Louisville Bicycle Club
July-August 2007 Newsletter

PaCkMaN's Corner

by , VP Communications

Have you just driven into work and are unwinding first thing with your electronic LBC newsletter? Or have you just retrieved the mail after the drive home? Why are you driving at all?

Those who have seen my electronic missives are familiar with my screeds against automobiles. I would see a lot more of you if not for my encounter with one almost nine years ago. But I just want to extol some of the benefits I had from full-time cycling.

I have never had a driver's license. But for many years I rode the city buses. All the sitting and junk food sure put the pounds on. One day I decided I'd had enough and dieted the weight off. But I think most dieters know that is only a temporary solution. Staying fit requires a lifestyle overhaul. After being threatened by the blubber boomerang and not wishing to diet forever, I turned to cycling to soak up the excess calories.

As any exercise calorie table will show, a few miles or half an hour of cycling, while beneficial for muscle and cardiovascular fitness, uses discouragingly few actual fat grams from a full stomach. So while evening jaunts are good, more is required. Riding full-time seemed the solution. So I gave up the car-surrogate bus.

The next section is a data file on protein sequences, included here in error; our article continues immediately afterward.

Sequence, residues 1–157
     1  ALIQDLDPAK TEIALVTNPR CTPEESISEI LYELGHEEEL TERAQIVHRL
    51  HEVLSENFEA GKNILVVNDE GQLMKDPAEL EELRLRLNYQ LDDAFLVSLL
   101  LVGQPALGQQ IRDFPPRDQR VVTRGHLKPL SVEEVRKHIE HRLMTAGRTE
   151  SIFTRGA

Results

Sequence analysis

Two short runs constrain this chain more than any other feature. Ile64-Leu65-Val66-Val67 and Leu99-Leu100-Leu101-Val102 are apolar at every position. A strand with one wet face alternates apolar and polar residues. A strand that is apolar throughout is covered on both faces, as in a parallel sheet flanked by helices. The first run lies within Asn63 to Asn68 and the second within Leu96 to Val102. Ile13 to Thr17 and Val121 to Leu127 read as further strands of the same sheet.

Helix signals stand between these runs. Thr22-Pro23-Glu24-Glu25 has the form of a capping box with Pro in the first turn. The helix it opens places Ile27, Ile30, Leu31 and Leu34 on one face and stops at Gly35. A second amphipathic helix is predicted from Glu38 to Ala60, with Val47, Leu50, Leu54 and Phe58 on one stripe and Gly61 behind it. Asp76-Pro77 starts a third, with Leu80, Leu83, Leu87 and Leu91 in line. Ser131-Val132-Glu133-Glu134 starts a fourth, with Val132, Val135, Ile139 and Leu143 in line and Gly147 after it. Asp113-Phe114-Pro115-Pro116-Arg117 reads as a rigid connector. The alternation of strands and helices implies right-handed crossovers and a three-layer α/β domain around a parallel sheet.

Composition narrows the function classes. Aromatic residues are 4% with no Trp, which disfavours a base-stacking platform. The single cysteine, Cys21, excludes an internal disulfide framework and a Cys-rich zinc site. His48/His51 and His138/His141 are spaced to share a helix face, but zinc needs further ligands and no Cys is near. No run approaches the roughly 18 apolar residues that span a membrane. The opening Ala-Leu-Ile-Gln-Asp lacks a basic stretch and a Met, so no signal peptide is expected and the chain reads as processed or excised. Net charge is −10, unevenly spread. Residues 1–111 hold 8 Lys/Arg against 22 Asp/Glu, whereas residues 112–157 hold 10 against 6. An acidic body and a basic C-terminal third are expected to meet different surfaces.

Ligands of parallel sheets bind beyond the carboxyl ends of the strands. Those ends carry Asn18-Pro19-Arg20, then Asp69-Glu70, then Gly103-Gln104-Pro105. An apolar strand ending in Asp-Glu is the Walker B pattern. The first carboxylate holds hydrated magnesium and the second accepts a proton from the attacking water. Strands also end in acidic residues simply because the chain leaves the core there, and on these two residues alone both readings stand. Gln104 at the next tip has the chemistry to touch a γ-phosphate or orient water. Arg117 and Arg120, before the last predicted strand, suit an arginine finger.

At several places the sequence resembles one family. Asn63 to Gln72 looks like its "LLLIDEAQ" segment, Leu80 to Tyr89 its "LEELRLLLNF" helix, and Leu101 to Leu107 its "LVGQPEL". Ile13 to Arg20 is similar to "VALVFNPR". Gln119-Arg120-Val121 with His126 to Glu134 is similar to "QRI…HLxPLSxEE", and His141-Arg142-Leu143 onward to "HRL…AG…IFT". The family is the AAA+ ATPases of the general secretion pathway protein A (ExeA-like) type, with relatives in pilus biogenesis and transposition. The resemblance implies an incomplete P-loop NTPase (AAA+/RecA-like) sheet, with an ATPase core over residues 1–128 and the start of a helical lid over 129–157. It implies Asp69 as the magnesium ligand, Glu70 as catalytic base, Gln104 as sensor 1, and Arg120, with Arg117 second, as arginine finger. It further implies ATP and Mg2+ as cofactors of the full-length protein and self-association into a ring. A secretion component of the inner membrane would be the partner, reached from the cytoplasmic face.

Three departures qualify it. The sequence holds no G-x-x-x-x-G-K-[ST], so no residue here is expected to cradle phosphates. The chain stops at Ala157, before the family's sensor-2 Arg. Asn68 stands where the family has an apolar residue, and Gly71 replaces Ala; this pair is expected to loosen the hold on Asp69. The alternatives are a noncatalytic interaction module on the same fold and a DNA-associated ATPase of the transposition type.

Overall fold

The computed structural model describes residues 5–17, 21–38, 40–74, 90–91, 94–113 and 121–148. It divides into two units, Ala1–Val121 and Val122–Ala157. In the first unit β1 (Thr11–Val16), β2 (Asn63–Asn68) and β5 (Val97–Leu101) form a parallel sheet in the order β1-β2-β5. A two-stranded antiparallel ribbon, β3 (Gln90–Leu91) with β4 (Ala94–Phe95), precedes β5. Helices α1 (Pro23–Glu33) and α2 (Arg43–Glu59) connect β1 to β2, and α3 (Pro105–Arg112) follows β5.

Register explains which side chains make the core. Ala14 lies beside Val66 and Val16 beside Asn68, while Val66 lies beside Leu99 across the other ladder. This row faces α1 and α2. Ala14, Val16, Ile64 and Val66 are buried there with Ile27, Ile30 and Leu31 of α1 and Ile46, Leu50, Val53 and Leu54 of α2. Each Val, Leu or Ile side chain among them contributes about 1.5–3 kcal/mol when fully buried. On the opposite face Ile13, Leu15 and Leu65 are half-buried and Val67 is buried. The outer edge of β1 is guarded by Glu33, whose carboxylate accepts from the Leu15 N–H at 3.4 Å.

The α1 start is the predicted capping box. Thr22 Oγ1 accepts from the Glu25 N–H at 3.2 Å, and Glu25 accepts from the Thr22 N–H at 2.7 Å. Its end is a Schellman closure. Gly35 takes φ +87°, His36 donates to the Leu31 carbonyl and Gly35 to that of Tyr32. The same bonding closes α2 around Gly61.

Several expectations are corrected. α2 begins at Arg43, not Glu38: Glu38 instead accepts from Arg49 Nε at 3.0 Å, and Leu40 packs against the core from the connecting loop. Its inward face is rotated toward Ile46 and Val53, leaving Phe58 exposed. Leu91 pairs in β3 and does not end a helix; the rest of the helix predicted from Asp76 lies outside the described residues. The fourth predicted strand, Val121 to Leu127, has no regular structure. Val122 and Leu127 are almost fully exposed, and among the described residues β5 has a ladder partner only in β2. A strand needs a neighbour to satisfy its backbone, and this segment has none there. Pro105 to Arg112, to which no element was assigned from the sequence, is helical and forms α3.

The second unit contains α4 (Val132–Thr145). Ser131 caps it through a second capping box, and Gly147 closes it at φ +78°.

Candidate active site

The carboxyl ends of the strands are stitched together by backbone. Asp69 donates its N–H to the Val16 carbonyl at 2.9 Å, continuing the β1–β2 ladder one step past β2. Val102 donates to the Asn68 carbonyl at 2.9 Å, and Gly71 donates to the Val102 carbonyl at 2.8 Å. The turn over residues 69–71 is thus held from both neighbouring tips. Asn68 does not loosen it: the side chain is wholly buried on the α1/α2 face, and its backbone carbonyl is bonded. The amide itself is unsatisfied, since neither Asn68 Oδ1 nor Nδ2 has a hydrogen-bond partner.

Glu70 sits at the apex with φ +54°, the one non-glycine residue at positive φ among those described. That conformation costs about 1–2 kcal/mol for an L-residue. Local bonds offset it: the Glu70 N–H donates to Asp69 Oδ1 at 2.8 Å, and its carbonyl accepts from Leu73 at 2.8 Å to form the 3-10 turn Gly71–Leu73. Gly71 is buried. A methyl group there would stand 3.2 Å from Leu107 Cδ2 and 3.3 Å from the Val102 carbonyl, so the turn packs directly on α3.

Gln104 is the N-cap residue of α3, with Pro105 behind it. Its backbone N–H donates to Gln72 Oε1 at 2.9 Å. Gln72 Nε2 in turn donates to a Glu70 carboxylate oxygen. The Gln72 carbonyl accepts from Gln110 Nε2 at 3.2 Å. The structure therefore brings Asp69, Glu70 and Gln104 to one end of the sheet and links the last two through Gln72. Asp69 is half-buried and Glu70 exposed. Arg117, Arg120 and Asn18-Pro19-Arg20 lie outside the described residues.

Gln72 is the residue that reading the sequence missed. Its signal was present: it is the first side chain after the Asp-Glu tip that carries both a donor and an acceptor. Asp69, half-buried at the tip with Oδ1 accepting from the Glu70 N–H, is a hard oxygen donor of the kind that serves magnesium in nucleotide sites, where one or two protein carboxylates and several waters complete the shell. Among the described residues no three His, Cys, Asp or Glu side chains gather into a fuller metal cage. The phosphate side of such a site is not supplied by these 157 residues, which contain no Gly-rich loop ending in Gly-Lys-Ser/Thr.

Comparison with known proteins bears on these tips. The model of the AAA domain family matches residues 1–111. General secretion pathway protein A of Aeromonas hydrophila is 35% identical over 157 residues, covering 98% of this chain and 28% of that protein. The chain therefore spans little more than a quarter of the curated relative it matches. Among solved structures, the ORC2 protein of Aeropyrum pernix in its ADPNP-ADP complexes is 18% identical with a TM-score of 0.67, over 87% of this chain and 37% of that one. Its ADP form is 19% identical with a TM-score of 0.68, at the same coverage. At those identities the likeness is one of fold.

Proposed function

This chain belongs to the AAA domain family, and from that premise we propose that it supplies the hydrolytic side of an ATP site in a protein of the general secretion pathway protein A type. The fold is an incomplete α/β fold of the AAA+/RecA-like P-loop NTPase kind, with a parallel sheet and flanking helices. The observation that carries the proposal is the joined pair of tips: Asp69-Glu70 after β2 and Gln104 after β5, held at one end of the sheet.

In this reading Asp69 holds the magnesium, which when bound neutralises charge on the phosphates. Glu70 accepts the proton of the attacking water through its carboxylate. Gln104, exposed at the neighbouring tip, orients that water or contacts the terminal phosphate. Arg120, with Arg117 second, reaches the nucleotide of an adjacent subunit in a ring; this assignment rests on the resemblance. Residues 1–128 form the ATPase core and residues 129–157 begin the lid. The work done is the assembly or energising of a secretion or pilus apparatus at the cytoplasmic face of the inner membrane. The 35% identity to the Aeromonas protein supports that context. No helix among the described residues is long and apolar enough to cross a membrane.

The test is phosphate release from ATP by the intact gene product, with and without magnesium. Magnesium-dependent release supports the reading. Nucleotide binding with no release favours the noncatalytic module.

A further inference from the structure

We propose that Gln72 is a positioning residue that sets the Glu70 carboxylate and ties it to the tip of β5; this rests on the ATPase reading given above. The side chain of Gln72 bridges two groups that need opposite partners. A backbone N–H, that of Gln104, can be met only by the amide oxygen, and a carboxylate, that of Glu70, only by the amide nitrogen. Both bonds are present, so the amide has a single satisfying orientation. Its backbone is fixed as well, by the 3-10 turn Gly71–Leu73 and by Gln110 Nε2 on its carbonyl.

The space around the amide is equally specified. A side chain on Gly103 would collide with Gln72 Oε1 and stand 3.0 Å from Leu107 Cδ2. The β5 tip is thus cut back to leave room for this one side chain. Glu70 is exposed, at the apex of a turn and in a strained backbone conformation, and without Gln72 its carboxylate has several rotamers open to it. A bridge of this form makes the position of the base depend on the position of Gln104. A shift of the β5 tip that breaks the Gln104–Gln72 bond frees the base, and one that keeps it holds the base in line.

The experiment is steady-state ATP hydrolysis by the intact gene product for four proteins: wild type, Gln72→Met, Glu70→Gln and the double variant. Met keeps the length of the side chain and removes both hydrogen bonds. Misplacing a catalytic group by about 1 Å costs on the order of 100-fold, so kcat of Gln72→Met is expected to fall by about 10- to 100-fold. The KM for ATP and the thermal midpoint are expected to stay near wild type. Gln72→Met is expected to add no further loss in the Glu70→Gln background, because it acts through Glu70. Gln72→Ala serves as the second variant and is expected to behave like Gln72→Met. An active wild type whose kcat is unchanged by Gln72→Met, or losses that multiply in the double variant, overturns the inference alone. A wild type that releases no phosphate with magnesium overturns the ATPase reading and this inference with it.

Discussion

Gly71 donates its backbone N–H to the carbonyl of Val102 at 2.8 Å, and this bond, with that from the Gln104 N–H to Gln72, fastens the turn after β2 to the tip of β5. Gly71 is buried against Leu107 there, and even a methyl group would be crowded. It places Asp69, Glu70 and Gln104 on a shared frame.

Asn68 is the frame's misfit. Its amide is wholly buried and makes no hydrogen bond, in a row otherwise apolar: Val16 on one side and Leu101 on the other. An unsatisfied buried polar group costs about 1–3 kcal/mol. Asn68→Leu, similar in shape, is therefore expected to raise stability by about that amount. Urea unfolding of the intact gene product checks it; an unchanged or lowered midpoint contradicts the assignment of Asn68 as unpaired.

Full-time riding has many benefits over exercise time. First, you don't have to make time for it. If you work out of the home, you have travel time already in your schedule. If the distance isn't too extreme (my commute was 20 miles a day), the ride to and from work is as much as you'll get in an evening. Unlike the evening ride, you will probably push the pace more on a work trip. No car means you won't be deciding to skip the ride.

Most of you probably do the club rides. How about riding to the rides? Makes more sense than driving to ride. Commuting tends to be solo and you learn more about self-reliance and maintaining the bike yourself that way. Car trouble is just trouble. Regularity is the key to a lifestyle change that makes gains permanent.

I'll admit that never having had the driving addiction, I had a big advantage. But if you are reasonably healthy, there is no reason why you can't do it too.


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web posted: 3 Jul 2007
last updated: 4 Jul 2007